For One Alum History is Business
For some, the path less traveled is the wisest course. For Reid Neilson, it was traversing two seemingly disparate paths that made all the difference.
In grad school at BYU, he couldn’t choose between his two passions, so he took on two programs at once—an MBA and an MA in history. Neilson’s choice to follow two roads raised more than a few eyebrows, but the two merged in 2009 when he was offered his dream job as managing director of the LDS Church History Department.
“Looking back, I couldn’t have imagined such a great marriage between my two professional and personal interests,” Neilson says.
His passion for history was sparked by his grandmother Montrue, who told him local and family stories when he visited her as a child in St. George, Utah. And business also ran in the family—his father, Ralph Neilson, earned an MBA and has been a member of the Marriott School’s National Advisory Council since Neilson was a child.
After finishing a bachelor’s degree at BYU in international relations in 1996, Neilson started his career as a consultant at Arthur Andersen, eventually earning his MA in 2001 and MBA in 2002 and capping his formal education in 2006 with a PhD in American religions at the University of North Carolina at Chapel Hill. He taught LDS Church history at BYU before leading the Church History Department, which oversees the Church History Library, Church History Museum, and the Granite Mountain Records Vault.
In January 2015 an ecclesiastical layer was added to his managerial duties with a call as assistant Church historian and recorder by the First Presidency and Quorum of the Twelve.
“On the day the church was organized, the first sentence of the first revelation that was given is why we do everything,” Neilson explains. “It says: ‘Behold, there shall be a record kept among you’ (D&C 21:1). The first commandment was to keep a record of the Restoration.” This scriptural injunction is engraved in large letters inside the Church History Library’s lobby, guiding the work there.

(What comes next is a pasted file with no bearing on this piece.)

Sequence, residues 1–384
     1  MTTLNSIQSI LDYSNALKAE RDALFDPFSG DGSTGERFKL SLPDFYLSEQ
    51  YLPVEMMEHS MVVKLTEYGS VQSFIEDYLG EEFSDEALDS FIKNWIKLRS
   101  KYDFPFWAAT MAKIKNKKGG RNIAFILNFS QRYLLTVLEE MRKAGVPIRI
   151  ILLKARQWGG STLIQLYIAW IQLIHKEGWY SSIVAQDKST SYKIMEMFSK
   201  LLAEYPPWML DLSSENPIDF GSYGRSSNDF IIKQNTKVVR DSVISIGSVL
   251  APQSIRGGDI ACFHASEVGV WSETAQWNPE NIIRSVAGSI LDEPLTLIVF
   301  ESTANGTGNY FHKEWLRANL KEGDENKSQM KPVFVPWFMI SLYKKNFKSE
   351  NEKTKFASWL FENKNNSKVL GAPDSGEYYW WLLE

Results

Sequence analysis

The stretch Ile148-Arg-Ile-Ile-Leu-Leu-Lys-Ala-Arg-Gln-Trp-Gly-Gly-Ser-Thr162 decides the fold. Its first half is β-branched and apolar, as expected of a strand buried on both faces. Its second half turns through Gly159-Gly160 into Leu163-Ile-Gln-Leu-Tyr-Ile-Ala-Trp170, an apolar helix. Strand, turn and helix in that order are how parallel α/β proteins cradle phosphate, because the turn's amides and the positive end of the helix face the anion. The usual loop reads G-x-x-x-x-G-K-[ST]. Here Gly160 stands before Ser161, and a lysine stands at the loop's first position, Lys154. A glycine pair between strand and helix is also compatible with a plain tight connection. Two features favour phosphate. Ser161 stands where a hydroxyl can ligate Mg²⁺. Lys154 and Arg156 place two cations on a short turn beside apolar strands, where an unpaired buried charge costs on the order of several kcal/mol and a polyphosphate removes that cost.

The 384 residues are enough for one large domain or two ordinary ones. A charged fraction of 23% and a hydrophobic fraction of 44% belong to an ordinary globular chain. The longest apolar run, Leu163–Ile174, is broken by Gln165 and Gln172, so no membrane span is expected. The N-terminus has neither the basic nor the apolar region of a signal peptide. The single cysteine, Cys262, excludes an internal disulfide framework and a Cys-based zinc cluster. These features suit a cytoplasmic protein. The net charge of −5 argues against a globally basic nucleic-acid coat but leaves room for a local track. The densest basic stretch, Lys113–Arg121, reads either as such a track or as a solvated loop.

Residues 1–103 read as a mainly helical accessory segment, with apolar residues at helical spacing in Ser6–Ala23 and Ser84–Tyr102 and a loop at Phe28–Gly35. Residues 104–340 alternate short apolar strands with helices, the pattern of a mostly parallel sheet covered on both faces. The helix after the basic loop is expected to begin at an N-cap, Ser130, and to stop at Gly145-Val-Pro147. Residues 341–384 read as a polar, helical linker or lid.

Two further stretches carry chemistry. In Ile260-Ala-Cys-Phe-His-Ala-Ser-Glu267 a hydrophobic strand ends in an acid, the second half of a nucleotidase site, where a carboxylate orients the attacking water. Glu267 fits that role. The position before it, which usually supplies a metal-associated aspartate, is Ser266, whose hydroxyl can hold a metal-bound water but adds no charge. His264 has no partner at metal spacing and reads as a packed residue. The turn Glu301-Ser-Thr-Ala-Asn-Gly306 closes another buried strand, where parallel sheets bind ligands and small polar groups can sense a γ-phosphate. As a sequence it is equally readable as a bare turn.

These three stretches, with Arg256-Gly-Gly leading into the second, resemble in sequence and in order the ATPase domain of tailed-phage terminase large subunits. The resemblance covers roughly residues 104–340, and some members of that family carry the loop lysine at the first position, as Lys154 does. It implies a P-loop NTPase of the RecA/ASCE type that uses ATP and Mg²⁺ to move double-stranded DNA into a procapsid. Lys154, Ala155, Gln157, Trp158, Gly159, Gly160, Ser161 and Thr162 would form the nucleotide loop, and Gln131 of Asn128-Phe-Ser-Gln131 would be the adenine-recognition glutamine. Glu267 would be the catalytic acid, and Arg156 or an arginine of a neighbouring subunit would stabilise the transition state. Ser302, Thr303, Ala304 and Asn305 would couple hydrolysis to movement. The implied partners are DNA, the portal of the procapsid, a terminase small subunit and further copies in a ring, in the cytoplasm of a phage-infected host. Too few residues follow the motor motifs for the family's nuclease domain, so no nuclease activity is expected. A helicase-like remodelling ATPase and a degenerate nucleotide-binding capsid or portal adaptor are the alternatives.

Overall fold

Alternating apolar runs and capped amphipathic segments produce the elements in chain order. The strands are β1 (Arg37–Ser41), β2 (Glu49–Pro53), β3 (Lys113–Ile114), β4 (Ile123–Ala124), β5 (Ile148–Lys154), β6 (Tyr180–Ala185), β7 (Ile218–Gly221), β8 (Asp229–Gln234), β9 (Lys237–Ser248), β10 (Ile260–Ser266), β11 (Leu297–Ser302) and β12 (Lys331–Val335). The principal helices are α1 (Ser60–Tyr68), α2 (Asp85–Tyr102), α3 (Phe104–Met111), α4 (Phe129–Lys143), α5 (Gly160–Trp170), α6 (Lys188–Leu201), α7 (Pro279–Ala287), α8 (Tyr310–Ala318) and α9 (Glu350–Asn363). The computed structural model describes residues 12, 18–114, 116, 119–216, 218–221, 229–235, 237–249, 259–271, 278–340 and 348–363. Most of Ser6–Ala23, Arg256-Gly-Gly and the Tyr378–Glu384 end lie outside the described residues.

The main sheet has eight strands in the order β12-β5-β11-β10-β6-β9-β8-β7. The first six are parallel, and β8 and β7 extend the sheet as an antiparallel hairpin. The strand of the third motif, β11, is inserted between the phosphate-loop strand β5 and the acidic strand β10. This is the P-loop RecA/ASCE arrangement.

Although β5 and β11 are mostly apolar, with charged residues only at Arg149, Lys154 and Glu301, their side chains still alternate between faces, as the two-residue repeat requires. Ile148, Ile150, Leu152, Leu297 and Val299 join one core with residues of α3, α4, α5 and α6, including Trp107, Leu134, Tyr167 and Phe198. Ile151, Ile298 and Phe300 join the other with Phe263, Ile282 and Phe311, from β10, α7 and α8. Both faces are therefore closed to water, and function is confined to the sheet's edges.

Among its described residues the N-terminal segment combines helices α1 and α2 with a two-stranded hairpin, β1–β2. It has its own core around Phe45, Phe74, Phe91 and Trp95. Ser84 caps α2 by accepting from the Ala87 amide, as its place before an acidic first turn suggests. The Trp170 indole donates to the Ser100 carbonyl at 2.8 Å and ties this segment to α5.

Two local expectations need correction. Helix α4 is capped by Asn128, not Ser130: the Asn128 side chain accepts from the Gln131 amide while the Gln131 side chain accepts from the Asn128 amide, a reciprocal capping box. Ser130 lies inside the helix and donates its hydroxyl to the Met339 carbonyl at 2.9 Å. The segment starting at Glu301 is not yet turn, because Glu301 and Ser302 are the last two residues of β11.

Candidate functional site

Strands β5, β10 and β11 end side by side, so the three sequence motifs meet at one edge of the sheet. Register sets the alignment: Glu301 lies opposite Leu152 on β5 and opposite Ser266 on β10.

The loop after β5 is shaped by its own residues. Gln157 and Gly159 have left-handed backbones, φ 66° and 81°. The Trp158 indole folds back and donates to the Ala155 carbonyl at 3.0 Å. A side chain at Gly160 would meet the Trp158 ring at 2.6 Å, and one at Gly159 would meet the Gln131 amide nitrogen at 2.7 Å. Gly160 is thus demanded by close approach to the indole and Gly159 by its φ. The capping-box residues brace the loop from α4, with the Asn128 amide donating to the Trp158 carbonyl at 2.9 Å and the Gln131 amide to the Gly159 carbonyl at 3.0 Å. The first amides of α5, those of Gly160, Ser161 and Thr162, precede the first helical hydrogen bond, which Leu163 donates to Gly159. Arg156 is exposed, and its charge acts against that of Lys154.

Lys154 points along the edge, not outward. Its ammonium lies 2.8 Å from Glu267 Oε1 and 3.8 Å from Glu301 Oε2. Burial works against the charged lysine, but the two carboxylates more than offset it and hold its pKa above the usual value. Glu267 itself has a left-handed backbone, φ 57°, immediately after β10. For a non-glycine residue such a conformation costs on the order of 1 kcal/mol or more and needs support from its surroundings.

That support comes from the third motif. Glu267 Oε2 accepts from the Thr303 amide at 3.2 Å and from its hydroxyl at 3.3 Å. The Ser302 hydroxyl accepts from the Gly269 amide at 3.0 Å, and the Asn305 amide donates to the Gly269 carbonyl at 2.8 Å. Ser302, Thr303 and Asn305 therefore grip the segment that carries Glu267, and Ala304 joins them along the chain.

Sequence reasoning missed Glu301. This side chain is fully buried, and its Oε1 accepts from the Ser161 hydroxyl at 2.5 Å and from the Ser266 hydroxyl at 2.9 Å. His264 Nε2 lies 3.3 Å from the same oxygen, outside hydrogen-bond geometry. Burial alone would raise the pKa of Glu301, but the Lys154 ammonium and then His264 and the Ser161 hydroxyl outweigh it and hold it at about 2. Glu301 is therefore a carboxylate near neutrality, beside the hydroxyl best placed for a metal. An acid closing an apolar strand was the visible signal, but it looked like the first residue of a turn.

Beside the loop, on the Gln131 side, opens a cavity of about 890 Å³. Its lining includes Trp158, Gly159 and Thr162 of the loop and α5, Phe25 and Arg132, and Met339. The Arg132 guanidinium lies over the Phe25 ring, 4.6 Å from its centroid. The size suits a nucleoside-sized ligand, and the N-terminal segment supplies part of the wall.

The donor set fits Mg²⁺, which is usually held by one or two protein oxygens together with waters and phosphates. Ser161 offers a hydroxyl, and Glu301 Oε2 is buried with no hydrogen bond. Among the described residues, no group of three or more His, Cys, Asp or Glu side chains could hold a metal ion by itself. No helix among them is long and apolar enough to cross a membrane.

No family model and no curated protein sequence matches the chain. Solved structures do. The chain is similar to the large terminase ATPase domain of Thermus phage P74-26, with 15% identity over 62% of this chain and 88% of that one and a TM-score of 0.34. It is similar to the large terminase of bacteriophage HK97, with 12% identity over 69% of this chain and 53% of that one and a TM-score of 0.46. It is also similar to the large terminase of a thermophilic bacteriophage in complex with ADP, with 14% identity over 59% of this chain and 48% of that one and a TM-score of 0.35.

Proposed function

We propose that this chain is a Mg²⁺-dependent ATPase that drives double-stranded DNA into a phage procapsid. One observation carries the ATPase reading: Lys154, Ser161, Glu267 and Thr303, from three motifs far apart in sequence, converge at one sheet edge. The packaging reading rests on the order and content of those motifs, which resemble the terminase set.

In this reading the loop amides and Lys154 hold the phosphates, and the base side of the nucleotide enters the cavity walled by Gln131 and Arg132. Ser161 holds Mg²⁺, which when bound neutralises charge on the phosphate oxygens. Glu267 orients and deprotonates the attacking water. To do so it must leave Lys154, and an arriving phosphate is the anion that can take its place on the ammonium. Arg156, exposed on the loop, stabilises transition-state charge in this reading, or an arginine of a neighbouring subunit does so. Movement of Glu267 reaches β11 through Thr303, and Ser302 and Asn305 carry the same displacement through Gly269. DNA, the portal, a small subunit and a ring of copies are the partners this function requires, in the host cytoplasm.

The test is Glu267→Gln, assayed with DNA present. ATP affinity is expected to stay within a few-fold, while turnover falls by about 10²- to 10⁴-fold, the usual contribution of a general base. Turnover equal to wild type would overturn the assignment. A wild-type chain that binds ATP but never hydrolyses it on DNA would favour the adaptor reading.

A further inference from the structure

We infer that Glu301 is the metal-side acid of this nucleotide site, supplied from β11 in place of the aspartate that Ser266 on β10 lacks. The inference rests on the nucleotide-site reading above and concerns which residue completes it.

Since taking charge, Neilson has led out in reevaluating how the department implements this work of record-keeping, reorganizing staff and resources accordingly. “As a team we came up with three core activities: collect, preserve, and share,” says Neilson. The department collects and preserves all Church artifacts from pioneer wooden legs to ward and mission histories to the historic buildings of Nauvoo, Illinois. In the Church History Library, where Neilson works day to day, documents from the nineteenth century are washed and preserved, and newspapers, books, and reels of general conferences past are stored in a cold, dark vault at minus four degrees. Roughly two-thirds of the 230,000-square-foot building, which was completed in 2009, is made up of cold-storage vaults.
When it comes to sharing Church history, beyond public access to the library and museum, Neilson and his team embrace the digital age, digitizing records and making Church history transparent and available through projects like the Joseph Smith Papers and online resources and historical essays.
“We don’t just do history for history’s sake,” Neilson explains. “We believe what we do here is sacred history, with an eye of building faith, to be supportive of the prophets and apostles, and a desire to help people come unto Christ.”
Neilson’s wife, Shelley, teases that with his love for history, he has “more friends in the past than in the present.” The two live in Bountiful, Utah, and never miss an opportunity to travel with their five children; Neilson’s office devotes an entire wall to a map, dotted with pins marking past and future destinations.
“I learned lessons at the Marriott School that I thought would never apply in my career as a historian,” Neilson says. “But all of a sudden, I will be drawing on a negotiations class in Nauvoo, or in upstate New York working with foresters and going back to a class called Creativity in Business. My desire is to bring what I know to two typically disparate fields and bring them together to help build the kingdom.”